This week was my first full schedule with the new first years, and I’ve enjoyed it immensely. With the end of our contracts a little over 3 months away, everyone is posting about whether their decision to leave or stay was the right one, and I totally understand that.
Starting afresh with a new group of students, knowing what I’m doing, and having experience behind me, the difference between these self introdctions and my ones in August is marked. Recently, waking up in the morning, the way I feel before teaching has tipped to the excitement outweighing the nervousness. It’s not even that the content of my lessons has changed that much, more that I can now feel at ease in front of a 40-strong class; not feel compelled to fill an unsure silence; exert a little more authority and know more instinctively what will and won’t work off the paper lesson plan. Because of the difference in the academic calenders between Japan and English-speaking countries, it makes sense for us to arrive here one semester into the school year. But I’m only realising now why they say two years gives you the best experience, and it’s undeniably better for the kids.
|Crazy good drawing a student just casually did one night for their school-trip book cover|
In terms of being in Japan, staying for a year makes sense for me and I’ll have accomplished my original goals. I’ve traveled all over the country; gained a measure of understanding of Japanese society and culture; tried teaching; kept up writing; got experience with public speaking and leading that I never had at university; become more self-sufficient; learned how to communicate with just about anyone regardless of age, background or language; lived as a minority; and become totally financially independent straight after graduating.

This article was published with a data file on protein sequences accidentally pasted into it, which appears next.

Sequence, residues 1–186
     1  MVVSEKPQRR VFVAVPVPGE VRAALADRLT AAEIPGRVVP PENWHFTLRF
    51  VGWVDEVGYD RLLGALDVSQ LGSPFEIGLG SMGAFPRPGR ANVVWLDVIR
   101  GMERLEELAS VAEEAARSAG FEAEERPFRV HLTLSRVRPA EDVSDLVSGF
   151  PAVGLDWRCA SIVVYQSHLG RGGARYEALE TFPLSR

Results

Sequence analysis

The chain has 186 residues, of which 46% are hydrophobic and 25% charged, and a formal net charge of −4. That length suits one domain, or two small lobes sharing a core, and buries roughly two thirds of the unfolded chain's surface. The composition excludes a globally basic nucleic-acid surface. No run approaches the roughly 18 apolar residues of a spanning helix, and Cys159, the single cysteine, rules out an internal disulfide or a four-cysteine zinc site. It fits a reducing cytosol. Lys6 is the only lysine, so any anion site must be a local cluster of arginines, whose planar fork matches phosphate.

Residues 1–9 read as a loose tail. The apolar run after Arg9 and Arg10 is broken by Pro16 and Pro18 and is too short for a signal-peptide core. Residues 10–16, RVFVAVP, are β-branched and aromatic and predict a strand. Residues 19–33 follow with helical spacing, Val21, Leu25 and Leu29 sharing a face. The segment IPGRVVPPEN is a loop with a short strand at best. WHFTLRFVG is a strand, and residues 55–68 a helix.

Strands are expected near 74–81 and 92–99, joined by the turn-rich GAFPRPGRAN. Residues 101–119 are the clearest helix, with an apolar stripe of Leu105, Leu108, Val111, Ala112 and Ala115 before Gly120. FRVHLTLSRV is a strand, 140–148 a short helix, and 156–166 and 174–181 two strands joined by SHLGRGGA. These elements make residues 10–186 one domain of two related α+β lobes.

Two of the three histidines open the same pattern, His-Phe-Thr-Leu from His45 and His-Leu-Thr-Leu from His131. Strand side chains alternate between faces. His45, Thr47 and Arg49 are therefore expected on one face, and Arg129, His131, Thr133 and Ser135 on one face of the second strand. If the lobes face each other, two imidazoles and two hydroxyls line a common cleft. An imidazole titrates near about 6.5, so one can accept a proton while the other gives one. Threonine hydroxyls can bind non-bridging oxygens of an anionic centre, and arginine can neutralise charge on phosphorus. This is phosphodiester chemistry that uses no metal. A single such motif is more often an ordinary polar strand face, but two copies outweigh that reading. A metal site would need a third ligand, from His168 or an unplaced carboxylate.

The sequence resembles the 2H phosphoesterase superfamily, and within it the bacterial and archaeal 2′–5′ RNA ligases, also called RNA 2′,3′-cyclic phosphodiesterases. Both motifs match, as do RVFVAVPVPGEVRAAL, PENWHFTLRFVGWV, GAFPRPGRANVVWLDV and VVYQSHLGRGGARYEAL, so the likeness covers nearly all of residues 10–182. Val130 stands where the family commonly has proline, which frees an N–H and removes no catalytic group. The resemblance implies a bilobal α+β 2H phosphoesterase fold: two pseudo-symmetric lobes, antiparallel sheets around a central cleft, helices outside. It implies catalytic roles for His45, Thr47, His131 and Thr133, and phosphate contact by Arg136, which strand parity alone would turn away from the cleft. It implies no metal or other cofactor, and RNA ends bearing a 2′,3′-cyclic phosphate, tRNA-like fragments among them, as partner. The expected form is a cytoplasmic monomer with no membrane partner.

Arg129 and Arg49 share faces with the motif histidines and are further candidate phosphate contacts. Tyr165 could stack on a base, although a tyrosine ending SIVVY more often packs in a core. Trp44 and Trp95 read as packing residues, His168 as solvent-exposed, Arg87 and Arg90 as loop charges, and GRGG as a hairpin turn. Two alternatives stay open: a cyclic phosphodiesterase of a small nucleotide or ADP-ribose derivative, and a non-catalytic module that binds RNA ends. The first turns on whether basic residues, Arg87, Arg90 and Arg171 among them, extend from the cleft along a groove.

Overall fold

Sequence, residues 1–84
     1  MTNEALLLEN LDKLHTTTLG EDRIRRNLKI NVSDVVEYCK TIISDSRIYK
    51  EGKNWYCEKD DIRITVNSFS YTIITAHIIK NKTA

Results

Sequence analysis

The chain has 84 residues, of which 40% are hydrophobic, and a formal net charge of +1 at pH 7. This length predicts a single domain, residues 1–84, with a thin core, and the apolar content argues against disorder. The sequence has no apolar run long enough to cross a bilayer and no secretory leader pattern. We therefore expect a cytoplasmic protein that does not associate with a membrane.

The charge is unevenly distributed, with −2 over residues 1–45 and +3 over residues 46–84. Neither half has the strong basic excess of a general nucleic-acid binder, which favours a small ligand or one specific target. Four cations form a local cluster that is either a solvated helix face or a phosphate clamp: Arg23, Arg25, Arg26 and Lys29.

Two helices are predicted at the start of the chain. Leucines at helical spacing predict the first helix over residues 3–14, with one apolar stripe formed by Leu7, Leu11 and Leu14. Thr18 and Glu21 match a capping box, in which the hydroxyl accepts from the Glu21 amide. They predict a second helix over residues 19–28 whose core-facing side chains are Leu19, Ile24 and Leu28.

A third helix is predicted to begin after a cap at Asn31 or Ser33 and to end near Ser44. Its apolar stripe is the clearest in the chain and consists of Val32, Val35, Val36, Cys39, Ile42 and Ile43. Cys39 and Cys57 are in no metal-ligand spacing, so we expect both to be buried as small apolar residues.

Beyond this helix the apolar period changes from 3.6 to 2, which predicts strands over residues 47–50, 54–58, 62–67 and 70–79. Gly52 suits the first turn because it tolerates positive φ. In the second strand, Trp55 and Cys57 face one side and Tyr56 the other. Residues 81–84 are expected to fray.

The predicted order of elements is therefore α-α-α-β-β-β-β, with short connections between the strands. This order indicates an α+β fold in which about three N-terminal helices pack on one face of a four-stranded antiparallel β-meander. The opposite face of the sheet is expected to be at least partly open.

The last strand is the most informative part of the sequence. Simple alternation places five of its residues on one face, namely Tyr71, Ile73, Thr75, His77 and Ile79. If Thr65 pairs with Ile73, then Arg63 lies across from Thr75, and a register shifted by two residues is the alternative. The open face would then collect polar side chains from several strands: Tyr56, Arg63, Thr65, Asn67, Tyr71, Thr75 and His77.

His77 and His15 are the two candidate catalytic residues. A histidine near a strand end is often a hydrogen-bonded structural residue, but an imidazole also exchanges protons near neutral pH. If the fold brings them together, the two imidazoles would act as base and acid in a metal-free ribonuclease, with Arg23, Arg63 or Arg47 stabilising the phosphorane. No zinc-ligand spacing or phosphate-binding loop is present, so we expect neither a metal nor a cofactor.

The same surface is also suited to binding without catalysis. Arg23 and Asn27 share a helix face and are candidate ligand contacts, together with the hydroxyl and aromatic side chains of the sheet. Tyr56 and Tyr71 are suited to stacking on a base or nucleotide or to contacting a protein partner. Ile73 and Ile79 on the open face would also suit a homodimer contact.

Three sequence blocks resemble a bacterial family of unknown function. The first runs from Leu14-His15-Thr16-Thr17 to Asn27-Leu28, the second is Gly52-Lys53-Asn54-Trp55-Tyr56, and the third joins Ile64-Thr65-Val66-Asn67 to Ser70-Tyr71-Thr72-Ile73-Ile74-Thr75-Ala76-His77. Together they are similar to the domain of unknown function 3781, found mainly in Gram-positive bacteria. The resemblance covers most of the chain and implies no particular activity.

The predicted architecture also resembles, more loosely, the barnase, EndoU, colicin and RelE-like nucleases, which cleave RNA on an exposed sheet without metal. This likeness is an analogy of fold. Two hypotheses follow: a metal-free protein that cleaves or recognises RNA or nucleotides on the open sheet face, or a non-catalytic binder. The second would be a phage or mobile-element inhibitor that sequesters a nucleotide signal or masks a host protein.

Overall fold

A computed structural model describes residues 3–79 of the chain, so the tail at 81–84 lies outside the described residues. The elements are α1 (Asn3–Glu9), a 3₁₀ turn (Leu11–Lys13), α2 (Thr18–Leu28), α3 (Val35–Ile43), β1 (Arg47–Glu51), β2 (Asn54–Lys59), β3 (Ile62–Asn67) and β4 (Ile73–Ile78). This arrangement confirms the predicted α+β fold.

Nevertheless, I think two years is optimal for real job satisfaction.
If the JET Programme and the Japanese Ministry of Eduction is serious about improving English teaching in schools, they need to focus on quality and not quantity of ALTs (which seems to be the plan.) In real terms, I think that might mean a 2 year minimum contract, and more training both for us and the JTE’s who will team teach with us. And although the Programme seems pretty good at finding the right placements for participants, they also need to do a lot of streamlining. I’ve heard so many stories of JETs being paid to sit at their desks for weeks on end – making bulletin boards, writing newsletters, studying Japanese and eventually knitting and watching movies. Great for those who want a gap year lifestyle while pursuing their own projects – not so great for those who actually want to teach, or for the state of English learning in Japan.
The Programme has changed a lot since its early days in the 80s, when it was just a handful of top graduates given 4+ weeks of training. It’s hard to say how long it will survive as it is, and it’s most definitely not perfect. Nevertheless, I still think ALTs have a huge part to play here, in pushing students to communicate in real English rather than memorised chunks of grammar, and in providing rare and real foreign interaction.
Yesterday I went on a school trip with the new first years to the famous Saito Burial Mounds. We climbed hills to view the vistas, wandered through a cherry orchard, and played dodgeball among the barrows. My students were relaxed, witty, unbelievably energetic. It was a perfect spring day, the likes of which I’ve only really read about. A cool wind ran over the sun-warmed meadows and the rice paddies were punctuated by tiny white trucks and old women in bonnets. The air literally smelled sweet. I’m going to miss this country so much.